My attention has been drawn to the annual report of the Parole Board and by any measure it seems to be good news. Following a significant increase in Board members last year, the number of Oral Hearings has increased significantly and at last some real progress is being achieved in reducing the backlog, especially in IPP cases. Interestingly, the release rate for lifers has increased from 11% to 15% and for IPP cases from 5% to 6%.
Of course decisions regarding whether to release a prisoner or not are determined by making a judgement call based on an assessment of risk. I have written previously about the fact that the Parole Board has become increasingly risk-averse in recent time and the possible reasons for this. One area of concern has been connected to the introduction of OASys, the Offender Assessment System that was foisted upon the Probation Service during the forced marriage with the Prison Service under NOMS. Because of it's design, there is evidence to suggest that it has resulted in an increase in the number of negative recommendations to the Parole Board by Probation Officers.
Assessing risk has and never will be an exact science and regular readers will be aware of my contempt for OASys and it's ability to inform decision-making in this area - precisely the reason it was introduced I might add. I notice that it does not get a mention in the Parole Board annual report which I think speaks volumes in itself. Something has changed though as the release rate has improved. Possibly the Parole Board are getting more adept at casting a rather more sceptical eye over the often misleading, confusing and contradictory OASys assessments?
In discussing this whole subject it's interesting to hear a viewpoint from the 'other' side as it were. I notice that John Hirst on his very well-read blog jailhouselawyerblog advocates the abolition of the Parole Board and pours scorn on the whole notion of assessing risk at all:-
"Instead of hiding behind hazy concepts such as public protection and risk assessment, surely a better system would be where a judge hands down a sentence, that is, time for the crime, and when the prisoner serves his time he is simply released?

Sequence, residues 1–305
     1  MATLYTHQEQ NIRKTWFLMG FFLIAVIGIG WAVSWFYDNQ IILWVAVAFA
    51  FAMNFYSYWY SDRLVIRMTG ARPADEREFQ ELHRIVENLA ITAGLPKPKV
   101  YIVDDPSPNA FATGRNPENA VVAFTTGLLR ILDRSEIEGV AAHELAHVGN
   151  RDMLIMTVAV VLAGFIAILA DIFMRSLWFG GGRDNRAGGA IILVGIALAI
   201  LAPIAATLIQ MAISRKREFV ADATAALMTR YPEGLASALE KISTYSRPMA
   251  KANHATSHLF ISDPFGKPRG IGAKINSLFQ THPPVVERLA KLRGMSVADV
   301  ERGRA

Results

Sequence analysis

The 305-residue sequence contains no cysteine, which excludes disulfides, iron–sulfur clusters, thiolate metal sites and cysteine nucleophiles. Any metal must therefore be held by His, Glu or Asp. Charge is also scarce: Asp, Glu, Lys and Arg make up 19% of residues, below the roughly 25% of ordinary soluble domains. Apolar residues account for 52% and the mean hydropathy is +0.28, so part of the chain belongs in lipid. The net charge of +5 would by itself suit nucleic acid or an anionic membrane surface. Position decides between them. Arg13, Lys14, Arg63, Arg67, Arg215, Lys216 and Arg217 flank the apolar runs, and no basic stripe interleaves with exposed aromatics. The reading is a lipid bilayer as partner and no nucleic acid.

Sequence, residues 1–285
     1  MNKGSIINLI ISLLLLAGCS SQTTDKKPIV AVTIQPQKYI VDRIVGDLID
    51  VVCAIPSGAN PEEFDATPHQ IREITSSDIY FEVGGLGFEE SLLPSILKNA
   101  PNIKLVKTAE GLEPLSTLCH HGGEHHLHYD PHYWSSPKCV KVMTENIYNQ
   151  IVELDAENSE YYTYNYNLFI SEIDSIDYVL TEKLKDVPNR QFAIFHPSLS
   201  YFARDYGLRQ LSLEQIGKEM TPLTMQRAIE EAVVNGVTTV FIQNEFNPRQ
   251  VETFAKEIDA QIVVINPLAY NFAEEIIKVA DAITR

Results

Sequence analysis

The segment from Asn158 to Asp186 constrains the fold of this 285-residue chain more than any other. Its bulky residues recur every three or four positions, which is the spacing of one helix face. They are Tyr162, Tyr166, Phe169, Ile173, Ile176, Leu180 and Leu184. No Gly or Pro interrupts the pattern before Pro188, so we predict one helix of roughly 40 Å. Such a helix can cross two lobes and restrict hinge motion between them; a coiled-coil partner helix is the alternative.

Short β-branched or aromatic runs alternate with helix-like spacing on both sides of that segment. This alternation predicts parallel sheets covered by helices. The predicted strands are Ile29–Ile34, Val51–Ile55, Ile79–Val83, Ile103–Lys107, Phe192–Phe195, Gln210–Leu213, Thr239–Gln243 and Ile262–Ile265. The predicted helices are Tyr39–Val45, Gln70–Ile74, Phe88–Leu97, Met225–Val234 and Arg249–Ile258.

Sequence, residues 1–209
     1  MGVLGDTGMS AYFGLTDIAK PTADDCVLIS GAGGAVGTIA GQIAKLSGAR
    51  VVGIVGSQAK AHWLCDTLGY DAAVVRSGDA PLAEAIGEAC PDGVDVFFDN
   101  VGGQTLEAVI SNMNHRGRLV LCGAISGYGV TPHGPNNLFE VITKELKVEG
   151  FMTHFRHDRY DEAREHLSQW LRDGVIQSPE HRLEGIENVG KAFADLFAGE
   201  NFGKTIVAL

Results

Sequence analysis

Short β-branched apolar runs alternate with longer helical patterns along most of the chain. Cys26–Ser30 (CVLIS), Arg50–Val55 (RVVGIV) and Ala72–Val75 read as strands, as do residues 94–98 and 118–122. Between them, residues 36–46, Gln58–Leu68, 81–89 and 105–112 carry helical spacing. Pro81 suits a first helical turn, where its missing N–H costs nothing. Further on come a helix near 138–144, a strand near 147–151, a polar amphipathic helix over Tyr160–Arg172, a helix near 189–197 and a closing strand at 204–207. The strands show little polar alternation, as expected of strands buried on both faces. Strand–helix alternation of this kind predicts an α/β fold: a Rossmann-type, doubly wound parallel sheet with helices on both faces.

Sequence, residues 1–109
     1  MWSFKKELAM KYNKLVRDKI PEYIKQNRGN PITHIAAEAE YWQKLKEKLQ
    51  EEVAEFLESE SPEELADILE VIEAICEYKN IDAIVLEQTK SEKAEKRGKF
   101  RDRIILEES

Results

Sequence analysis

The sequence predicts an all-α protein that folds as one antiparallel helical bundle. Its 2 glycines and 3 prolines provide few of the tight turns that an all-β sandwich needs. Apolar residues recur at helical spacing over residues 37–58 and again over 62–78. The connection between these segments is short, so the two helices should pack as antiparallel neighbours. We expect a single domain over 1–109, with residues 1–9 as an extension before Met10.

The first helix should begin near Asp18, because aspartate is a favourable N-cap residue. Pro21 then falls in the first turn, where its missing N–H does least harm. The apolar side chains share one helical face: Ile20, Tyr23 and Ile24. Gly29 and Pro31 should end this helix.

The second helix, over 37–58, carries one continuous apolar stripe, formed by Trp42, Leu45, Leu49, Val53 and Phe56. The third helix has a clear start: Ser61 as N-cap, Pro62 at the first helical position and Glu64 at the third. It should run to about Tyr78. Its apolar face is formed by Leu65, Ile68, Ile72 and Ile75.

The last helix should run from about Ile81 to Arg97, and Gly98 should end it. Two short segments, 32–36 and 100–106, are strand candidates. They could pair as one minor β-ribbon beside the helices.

Basically, in making a risk assessment, the Parole Board, in effect, gazes into a crystal ball and makes a prediction for future offending and passes down a sentence for a crime which has not yet been committed. This not only gives the Parole Board too much power, it is an abuse of power which leads to an injustice for the prisoner."
It's an interesting concept, but one I would not subscribe to. In this country, following abolition of the death penalty, we have adopted the use of indeterminate sentences for the most serious offences. We do not have the farce of 'determinate' sentences of say 99 years common in the United States. The key to both approaches though is the separation of an appropriate period of custody in relation to punishment, from the opportunity of release for either good behaviour or a reduction in risk. This seems humane and appropriate to the alternative of many more prisoners languishing in custody with no hope of ever being released.
But it all comes back to the assessment of risk. John distills the issue succinctly:-
"Basically, in making a risk assessment, the Parole Board, in effect, gazes into a crystal ball and makes a prediction for future offending and passes down a sentence for a crime which has not yet been committed."
But what's the alternative? It is possible for a sentencing Judge to impose a 'whole life' tariff in respect of the most heinous crimes, but it's quite rare. I believe there are only about 50 such cases in total. So in respect of all other serious offences of murder, manslaughter, rape, arson etc are we really going to arrive at an appropriate determinate sentence that reflects the seriousness of the offence and just leave to chance the possibility of repitition upon automatic release? We all know re-offending rates are too high as it is in relation to prisoners being released generally. Would it really be sensible for any society to move towards the universal doctrine of 'do the crime : do the time' whatever that crime and merely hope for the best? I don't think so.